Friday, February 3, 2023

Coming This Fall: Five Days of Food and Drinks at Williamsburg Harvest Celebration

harvestcelebrationFood and alcohol lovers will have much to be thankful for this November, when a new five-day celebration of high cuisine, beer, wine and art plays out at sites throughout the Historic Triangle.

The celebration is the brainchild of Cindy McGann and the Williamsburg Winery’s Patrick Duffeler, who have been working together for more than two years to bring a wine and food event to the area.

The result of their work is the Williamsburg Harvest Celebration, which will bring together area restaurants, breweries and wineries.

The five-day celebration will run from Nov. 11 to 15. It has attracted sponsors that include the three Historic Triangle localities and the Greater Williamsburg Chamber & Tourism Alliance, which are all joining the Williamsburg Winery to stage the event.

“Williamsburg has got a unique opportunity, because it has an established winery,” McGann said. “November is harvest season, so we wanted a name that could be used to bring together [all three Triangle localities].”

The winery will play host to a signature event for the celebration, which will be held Nov. 14., a Saturday. The James City County-based winery will turn into an open house for the event, featuring tasting rooms and food, McGann said.

Other events will be held in Yorktown, Williamsburg and throughout James City County, including food demos from chefs, dinners featuring Virginia foods, a bacon-themed Sunday dinner, a tapas crawl in New Town and live music at the Freight Shed paired with oysters grown in the state.

People who want to attend any of the events can buy tickets à la carte, with prices ranging from $25 to $150.

McGann said she was inspired by the fact that there is little in the way of similar celebrations on the East Coast, with events like the celebration currently taking place in distant places like New York City and in the Pacific Northwest.

Karen Riordan, the president and CEO of the Alliance, said she wants the celebration to turn into a major event in the Historic Triangle that people come to identify with Williamsburg.

“This was something that fit very nicely with ideas I already had about where we needed to go around arts and culinary, so when I heard about the vision and this idea to do something like this, I said ‘This is the perfect vehicle,’” she said.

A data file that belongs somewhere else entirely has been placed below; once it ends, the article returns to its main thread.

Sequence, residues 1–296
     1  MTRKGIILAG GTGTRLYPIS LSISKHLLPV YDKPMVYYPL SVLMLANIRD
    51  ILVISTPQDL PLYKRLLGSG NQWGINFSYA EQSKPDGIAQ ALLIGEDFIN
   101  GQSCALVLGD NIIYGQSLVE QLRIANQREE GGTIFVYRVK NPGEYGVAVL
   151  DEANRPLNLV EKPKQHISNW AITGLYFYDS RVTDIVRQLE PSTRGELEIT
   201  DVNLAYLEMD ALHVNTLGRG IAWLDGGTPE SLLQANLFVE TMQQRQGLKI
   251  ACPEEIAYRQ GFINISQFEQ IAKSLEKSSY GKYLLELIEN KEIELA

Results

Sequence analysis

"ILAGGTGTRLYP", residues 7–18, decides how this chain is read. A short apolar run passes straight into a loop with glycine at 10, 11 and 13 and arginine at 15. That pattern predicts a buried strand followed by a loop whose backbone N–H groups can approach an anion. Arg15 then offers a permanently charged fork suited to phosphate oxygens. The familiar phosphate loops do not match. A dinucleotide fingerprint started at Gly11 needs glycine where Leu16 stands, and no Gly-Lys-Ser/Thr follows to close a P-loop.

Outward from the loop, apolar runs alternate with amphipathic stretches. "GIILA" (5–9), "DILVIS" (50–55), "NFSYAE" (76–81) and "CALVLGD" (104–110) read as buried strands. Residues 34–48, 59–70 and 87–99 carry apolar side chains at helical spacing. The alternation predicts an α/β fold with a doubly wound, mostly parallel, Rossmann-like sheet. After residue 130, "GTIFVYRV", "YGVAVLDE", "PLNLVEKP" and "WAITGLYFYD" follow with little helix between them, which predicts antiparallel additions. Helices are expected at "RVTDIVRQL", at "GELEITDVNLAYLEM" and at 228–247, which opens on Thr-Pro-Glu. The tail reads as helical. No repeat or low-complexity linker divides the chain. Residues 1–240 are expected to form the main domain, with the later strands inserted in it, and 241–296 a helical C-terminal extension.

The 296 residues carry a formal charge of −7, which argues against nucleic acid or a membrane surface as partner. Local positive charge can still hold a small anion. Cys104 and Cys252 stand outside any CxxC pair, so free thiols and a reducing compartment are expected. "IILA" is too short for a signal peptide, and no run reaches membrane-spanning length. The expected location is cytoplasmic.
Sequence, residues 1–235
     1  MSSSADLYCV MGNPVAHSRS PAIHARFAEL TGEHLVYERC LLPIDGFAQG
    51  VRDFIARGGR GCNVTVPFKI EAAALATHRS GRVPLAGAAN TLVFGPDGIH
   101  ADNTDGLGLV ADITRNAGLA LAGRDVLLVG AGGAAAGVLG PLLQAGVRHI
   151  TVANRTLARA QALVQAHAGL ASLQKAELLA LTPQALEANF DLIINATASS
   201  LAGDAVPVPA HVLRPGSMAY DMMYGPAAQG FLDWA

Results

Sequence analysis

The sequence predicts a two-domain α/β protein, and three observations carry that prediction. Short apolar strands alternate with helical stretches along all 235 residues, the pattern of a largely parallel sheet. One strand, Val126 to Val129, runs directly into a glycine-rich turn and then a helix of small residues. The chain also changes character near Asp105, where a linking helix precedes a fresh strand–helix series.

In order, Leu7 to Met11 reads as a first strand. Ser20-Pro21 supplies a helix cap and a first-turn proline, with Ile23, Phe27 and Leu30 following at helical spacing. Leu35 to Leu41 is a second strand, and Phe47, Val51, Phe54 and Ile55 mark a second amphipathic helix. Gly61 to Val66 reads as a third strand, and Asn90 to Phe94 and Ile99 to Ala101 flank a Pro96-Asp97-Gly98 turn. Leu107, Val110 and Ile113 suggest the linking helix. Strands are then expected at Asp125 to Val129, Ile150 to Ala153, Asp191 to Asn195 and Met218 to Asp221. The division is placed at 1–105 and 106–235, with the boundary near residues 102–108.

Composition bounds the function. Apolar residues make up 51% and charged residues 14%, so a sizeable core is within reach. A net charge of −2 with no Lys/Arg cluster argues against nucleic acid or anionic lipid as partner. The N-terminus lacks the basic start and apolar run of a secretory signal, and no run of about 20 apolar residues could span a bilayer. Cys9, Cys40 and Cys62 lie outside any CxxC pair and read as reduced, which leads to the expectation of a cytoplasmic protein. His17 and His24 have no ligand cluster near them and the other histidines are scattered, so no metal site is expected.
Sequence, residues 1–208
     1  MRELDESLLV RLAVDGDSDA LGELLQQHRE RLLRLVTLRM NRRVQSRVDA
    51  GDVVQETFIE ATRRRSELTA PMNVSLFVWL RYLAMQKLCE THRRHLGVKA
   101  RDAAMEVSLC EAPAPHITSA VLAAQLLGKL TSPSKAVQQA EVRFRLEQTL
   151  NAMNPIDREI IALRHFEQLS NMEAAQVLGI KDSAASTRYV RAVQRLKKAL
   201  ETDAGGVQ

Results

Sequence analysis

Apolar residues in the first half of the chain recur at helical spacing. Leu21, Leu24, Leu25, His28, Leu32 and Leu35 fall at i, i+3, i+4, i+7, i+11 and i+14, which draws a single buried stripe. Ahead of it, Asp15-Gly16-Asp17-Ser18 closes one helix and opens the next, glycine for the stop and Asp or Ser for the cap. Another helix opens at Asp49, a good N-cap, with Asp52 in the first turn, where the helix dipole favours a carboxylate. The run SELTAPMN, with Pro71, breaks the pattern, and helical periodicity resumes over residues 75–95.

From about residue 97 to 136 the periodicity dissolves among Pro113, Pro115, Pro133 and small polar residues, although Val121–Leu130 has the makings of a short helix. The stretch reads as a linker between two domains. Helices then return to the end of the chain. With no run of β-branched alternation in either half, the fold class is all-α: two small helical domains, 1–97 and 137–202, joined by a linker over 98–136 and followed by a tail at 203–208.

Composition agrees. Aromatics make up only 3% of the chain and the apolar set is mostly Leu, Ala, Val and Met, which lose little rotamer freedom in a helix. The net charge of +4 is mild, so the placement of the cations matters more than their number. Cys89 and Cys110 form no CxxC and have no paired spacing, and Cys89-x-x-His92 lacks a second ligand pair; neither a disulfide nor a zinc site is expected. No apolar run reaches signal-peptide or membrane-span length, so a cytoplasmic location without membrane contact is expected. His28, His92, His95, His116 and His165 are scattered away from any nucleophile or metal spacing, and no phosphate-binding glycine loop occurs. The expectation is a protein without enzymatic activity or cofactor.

She pointed to the Charleston Wine + Food celebration in South Carolina, where McGann has volunteered in the past. That event has succeeded in drawing more than 20,000 people to Charleston each year.

“We certainly aspire to bring thousands of people here,” she said. “We know it’s going to take time.”

To market the celebration, the organizers will take to the pages of Garden and Gun and the Local Palete, two magazines with distributions across the Southern U.S. There will also be radio advertisements on yet-to-be-determined stations and a 32-page color insert in the Williamsburg House & Home magazine.

The celebration’s organizers have paired with the Virginia Tourism Corporation to place digital ads on websites like The Food Network’s official page to also try to gin up interest. Local hotels have agreed to offer deals for people who want to travel to the Triangle for the event, with sales expected to begin in June.

McGann said she hopes to sell 5,000 tickets to the 36 to 40 events that will be featured in the Harvest Celebration. Both Riordan and McGann want to make the celebration an annual event.

“We absolutely want this to be a signature event, where people mark their calendar and that they identify with Williamsburg,” Riordan said. “We also love the time of year, having it in the classic harvest time and right after Williamsburg Fall Arts and right before Christmas in Williamsburg.”

Correction: McGann volunteered at the Charleston Wine + Food festival. It draws more than 20,000 people per year.

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